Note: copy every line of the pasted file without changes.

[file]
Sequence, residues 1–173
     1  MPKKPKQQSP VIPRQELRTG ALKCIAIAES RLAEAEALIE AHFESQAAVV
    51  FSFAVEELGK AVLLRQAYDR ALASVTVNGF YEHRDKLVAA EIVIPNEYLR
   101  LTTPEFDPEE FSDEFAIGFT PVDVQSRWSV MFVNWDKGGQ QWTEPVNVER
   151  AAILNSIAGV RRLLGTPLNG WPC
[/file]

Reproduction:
Sequence, residues 1–173
     1  MPKKPKQQSP VIPRQELRTG ALKCIAIAES RLAEAEALIE AHFESQAAVV
    51  FSFAVEELGK AVLLRQAYDR ALASVTVNGF YEHRDKLVAA EIVIPNEYLR
   101  LTTPEFDPEE FSDEFAIGFT PVDVQSRWSV MFVNWDKGGQ QWTEPVNVER
   151  AAILNSIAGV RRLLGTPLNG WPC